'Indian coaches not good enough for modern hockey'
"I think India needs a foreign expert. I can say it from my experience that Indian coaches are not good enough to fulfill the requirements of modern hockey," says Australian hockey legend Ric Charlesworth.
His comments came two days after fellow-Australian Michael Nobbs was prematurely relieved of his duties as India's chief coach because of non-performance.
Nobbs, who took over charge in 2011, was offered a five-year contract and handsome salary, but his association with India finally ended on a bitter note within two years.
Nobbs is the fourth foreigner to be shown the door before completion of the tenure.
Before Nobbs, Spaniard Jose Barsa, Charlesworth and Germany's Gerhard Rach coached the Indian side but were ousted due to several issues.
Image: Ric Charlesworth
Photographs: Scott Barbour/Getty Images
'I would have chosen Oltmans over Nobbs'
Charlesworth said he was surprised by India's decision to select Nobbs over Roelant Oltmans as chief coach.
"There are many questions. Firstly, if I was given a choice between Oltmans and Nobbs, I would have chosen the Oltmans who is more experienced.
"Why did they choose Nobbs then? And if he was made the coach, he should have been given the support he needed," said Charlesworth, who is presently coach of Australian team.
Charlesworth feels a good structure and long-term planning is the need of the hour for Indian hockey, which is struggling to regain its glorious past.
"I think it is not easy to work without support. What Indian hockey needs at the moment is a good structure. They must have long-term plans. India must provide whatever support a coach needs, and the expectations should also should be realistic," he said from Perth.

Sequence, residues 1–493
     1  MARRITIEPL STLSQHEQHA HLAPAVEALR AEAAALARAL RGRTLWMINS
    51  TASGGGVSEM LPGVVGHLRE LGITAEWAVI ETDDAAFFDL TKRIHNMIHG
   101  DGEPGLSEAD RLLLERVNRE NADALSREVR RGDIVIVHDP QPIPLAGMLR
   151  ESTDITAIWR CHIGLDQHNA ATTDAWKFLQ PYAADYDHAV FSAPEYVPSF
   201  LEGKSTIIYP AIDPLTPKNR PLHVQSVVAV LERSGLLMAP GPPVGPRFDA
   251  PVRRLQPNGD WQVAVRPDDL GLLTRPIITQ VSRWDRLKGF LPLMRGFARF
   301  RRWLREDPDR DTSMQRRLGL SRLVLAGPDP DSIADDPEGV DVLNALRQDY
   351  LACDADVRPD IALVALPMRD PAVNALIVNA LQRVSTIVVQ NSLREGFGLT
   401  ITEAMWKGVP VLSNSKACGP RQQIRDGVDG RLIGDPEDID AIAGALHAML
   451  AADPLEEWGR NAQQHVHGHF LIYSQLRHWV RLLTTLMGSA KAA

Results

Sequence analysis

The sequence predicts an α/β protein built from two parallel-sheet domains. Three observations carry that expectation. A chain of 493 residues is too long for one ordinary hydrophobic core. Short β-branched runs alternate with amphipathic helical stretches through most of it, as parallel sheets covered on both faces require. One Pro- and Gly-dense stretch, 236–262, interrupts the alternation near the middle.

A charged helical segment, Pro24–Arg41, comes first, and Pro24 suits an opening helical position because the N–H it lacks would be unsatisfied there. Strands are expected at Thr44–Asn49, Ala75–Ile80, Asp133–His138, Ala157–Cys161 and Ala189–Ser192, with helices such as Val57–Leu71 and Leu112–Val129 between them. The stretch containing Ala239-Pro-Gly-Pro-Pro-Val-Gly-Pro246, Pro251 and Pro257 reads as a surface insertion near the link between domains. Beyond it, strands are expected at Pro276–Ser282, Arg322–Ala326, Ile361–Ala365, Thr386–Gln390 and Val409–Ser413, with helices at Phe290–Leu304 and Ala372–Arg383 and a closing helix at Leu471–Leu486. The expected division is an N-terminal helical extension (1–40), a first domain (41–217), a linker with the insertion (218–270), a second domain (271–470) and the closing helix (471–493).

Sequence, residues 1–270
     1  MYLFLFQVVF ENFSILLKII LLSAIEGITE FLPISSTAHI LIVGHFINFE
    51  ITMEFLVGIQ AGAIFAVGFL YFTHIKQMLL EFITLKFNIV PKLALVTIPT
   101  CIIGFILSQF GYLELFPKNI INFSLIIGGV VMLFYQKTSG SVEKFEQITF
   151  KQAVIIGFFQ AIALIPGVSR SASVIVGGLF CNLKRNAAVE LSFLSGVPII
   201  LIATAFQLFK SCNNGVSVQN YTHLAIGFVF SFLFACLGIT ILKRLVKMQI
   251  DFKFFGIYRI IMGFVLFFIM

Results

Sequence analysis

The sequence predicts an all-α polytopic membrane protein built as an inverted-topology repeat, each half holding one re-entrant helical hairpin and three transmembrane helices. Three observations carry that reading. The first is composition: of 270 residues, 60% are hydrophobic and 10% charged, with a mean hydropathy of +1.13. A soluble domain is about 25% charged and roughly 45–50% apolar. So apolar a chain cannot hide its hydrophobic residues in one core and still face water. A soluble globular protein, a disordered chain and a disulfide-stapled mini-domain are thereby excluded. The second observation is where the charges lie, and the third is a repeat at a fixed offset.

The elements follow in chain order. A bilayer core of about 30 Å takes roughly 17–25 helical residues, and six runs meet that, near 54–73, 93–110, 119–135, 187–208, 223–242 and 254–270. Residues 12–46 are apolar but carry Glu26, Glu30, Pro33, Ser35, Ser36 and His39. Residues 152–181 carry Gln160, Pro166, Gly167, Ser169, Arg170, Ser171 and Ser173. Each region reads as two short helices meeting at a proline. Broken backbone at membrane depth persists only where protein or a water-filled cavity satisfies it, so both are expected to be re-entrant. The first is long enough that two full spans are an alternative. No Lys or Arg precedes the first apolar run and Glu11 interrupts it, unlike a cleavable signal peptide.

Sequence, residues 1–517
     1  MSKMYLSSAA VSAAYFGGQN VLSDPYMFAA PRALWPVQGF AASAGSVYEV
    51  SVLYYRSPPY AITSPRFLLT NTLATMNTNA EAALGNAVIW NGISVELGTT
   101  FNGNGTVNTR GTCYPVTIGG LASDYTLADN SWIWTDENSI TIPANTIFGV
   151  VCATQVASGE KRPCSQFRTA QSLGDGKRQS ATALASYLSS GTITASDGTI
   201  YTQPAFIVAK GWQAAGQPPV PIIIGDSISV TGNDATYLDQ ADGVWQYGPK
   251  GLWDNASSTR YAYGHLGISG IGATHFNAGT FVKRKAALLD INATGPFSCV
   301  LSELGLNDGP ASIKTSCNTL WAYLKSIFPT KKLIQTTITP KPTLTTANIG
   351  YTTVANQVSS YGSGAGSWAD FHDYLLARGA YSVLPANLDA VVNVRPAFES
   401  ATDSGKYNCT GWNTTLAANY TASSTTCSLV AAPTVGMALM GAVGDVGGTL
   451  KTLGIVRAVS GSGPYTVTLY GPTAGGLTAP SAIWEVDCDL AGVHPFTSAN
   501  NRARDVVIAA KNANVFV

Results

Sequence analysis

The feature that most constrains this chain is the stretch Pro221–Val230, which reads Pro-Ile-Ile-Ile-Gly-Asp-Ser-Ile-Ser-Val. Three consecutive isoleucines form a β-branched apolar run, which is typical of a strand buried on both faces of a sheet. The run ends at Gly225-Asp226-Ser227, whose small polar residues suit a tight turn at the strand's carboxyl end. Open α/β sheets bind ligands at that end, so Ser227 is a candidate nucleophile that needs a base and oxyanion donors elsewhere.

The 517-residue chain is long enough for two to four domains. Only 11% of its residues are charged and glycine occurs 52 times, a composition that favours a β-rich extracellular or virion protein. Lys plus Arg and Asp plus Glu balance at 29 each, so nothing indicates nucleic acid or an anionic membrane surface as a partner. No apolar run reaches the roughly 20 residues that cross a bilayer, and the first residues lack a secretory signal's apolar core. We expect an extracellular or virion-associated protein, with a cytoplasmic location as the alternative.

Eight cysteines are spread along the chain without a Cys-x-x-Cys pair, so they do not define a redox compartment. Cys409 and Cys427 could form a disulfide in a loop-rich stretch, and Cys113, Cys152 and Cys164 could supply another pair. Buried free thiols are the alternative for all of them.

“I will suggest that whoever becomes the new coach, he should be allowed to complete his term and must be given the support he needs," he added.
Image: Michael Nobbx
Photographs: Laxmi Negi/Rediff.com
'I had no support and was expected to do miracles'
Asked about his experience with Indian hockey, he said things are much better now.
"Nobbs and Brasa did not face problems which I had to face during my tenure. They were in much better position. I had no support and was expected to do miracles," he said.
Charlesworth's tumultuous association with Indian hockey lasted just 10 months in 2008 during the regime of KPS Gill-led erstwhile Indian Hockey Federation.
He feels India can win the upcoming eight-nation Asia Cup, which they need to do qualify for next year's World Cup in The Hague, the Netherlands.
"India has an experienced High Performance manager in Oltmans. They can put things together and win the Asia Cup," he said.
He was also of the view that a coach alone can't change the fortunes of a side.
"If you talk about India's poor performance in FIH World League Round 3, I must say that they were unfortunate. The format of the tournament was tricky. India got a tough pool and then they had to face Australia in the quarter-final," Charlesworth said.
"In any case, a coach has to take some blame for poor show, but the players and officials are equally responsible."
Image: Ric Charlesworth watches his Australian players execute a penalty-corner drill
Photographs: by Paul Kane/Getty Images